1600 Innovation Blvd, Hutto
“This is a great opportunity to visit with faculty and staff and learn about our 70+ programs, and register onsite,” Dr. Ponce said. “We are here to do everything we can to make sure college and training is accessible to everyone. We are here to help students earn college certificates, degrees, and earn industry recognized credentials to help get you into the workforce.”
Each event will feature food, games, door prizes, campus tours, meet-and-greet with the Leopard mascot, and one-on-one time with faculty and advisors.
A grand prize will be given away at each event.
Learn more about Temple College’s Registration and Open House events at www.templejc.edu/openhouse.
Bob? Bob’s not here
Cattle were a very common commodity among early and mid-1800s Texas and Bell County-area settlers. Fresh milk was unheard of at local trading posts, and since refrigeration was years away, the only way to get fresh milk reliably was to have cows.
Cattle were easy to raise — native range grasses were still abundant. The big problem was keeping the big animals from wandering off.
Since barbed wire — usually pronounced “bob” wire or “bob war” — had yet to be invented, pioneer families were creative in keeping their treasured cattle at home.
The most common means of fencing in land was the split-rail fence. But some Bell County families thought well outside the box.
At the Robertson farm in Salado, Bois d’ Arc trees were planted in a double row to serve as a fence. And, a family near Troy created an earthen fence by criss-crossing layers of soil.
American historians usually credit Illinois farmer Joseph Glidden as the inventor of barbed wire, but a man named John Grinninger of Austin was making and using a spiked wire for at least 17 years prior to Glidden. The Austin man strung his creation around his own garden plot and never tried to sell or patent his idea.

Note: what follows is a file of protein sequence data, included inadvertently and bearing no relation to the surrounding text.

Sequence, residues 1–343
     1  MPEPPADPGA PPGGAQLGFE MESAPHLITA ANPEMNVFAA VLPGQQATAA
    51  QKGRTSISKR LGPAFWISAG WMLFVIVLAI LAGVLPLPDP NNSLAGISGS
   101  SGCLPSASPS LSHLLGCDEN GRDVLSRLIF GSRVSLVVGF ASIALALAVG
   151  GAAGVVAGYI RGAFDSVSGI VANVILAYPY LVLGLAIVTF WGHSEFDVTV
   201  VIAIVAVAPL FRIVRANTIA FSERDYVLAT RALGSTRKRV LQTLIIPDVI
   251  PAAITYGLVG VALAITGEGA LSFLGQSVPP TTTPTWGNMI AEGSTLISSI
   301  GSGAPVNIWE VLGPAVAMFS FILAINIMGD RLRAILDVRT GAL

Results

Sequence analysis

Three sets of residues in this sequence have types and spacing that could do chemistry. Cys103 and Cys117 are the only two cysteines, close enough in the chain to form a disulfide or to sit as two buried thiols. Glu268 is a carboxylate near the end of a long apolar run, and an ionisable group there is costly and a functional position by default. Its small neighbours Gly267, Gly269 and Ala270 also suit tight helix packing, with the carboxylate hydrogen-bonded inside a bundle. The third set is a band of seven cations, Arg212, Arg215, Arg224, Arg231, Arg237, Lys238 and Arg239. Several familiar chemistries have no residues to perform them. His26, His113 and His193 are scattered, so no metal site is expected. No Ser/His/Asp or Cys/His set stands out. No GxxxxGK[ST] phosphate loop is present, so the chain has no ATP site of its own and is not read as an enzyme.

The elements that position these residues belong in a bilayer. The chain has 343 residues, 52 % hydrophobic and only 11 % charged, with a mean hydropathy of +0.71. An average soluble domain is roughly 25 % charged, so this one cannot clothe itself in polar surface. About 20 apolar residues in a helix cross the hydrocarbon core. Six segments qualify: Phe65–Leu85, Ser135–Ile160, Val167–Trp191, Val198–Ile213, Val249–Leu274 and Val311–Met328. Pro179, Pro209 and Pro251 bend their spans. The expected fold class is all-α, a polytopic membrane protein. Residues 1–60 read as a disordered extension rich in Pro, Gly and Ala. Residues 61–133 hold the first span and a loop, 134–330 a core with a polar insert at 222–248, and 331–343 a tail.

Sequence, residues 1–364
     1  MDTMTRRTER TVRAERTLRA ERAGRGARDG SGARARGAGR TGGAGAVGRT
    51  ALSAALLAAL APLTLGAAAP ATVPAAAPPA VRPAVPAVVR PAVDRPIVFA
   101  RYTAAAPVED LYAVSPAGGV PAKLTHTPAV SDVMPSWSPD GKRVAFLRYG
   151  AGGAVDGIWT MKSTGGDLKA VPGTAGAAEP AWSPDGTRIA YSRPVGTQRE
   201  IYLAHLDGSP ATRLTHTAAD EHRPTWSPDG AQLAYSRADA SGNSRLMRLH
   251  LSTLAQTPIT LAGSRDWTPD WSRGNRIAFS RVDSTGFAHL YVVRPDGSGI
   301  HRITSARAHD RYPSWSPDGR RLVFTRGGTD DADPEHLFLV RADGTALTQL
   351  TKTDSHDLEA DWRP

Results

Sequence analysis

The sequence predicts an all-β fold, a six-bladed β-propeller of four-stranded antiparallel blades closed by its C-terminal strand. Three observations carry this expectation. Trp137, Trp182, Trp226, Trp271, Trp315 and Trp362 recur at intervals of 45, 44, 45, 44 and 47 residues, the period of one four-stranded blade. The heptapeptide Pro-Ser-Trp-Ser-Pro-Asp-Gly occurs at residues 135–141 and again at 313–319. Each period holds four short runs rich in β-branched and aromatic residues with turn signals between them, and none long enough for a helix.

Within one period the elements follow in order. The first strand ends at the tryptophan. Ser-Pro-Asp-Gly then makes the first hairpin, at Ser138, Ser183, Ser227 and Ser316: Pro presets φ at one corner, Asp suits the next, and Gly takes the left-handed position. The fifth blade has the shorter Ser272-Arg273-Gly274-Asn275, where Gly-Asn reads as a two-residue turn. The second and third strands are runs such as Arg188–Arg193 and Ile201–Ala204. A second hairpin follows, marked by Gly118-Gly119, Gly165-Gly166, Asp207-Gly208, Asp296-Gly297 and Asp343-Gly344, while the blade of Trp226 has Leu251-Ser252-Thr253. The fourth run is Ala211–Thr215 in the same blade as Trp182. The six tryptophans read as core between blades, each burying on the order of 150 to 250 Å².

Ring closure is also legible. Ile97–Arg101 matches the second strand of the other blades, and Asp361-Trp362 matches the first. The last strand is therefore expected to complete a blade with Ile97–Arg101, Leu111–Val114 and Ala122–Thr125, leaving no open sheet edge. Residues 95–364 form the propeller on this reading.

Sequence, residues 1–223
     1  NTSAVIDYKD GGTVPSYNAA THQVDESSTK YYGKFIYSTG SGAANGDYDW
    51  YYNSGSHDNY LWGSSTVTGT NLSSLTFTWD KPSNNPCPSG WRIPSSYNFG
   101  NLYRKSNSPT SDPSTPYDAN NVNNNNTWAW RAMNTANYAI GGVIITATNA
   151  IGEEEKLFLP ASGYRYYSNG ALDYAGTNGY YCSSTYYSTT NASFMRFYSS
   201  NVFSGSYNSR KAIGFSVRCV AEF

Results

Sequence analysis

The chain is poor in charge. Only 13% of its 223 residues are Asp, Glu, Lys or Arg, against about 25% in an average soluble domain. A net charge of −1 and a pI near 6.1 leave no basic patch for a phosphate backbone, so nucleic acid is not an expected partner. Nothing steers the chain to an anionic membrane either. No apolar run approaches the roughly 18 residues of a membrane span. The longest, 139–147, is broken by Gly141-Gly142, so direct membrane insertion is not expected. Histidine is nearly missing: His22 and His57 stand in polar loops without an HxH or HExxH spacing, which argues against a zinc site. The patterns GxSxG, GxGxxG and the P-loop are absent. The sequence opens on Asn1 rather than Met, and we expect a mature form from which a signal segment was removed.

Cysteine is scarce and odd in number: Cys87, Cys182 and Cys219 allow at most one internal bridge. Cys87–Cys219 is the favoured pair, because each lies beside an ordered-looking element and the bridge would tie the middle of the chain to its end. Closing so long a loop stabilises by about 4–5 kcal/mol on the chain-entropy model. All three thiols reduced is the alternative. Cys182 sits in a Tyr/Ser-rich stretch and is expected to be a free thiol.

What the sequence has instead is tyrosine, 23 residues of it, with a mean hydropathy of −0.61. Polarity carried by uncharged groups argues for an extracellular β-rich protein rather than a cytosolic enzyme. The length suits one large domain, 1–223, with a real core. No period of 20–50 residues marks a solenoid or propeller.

In 1862, however, Grinninger was murdered and five years later, the first barbed wire patent was issued. Mysterious.
The first non-barbed wire fence was the Merriweather wire in 1854 in New Braunfels.
On this day in 1852, settlers of the Peters Colony met to protest alleged efforts of the land company to invalidate their claims. Thus began the "Hedgcoxe War" also known as the Peters Rebellion. In February the legislature had attempted to satisfy both the settlers and the land company by passing a compromise law. In May the agent of the company, Henry Oliver Hedgcoxe, issued a proclamation that contributed to the misinterpretation of the law. The meeting on July 15 accused Hedgcoxe of fraud and corruption. The next day, John Good led an armed group of 100 men to Hedgcoxe's office, seized his files, and took them to the Dallas County Courthouse. No violence was done, but Hedgcoxe was ordered to leave the colony. He fled to Austin. In February 1853 an amendment to the compromise law satisfactory to both sides was passed.
Friday, July 15
Summer Fun for Early Learners at Bell County Museum. 10 a.m. to noon. Kids 6 years and younger are invited to the museum with their families to explore the engaging interactive exhibits and participate in fun activities and crafts. Each day will have a special theme of activities: Today is Coding. The events are come and go and completely FREE!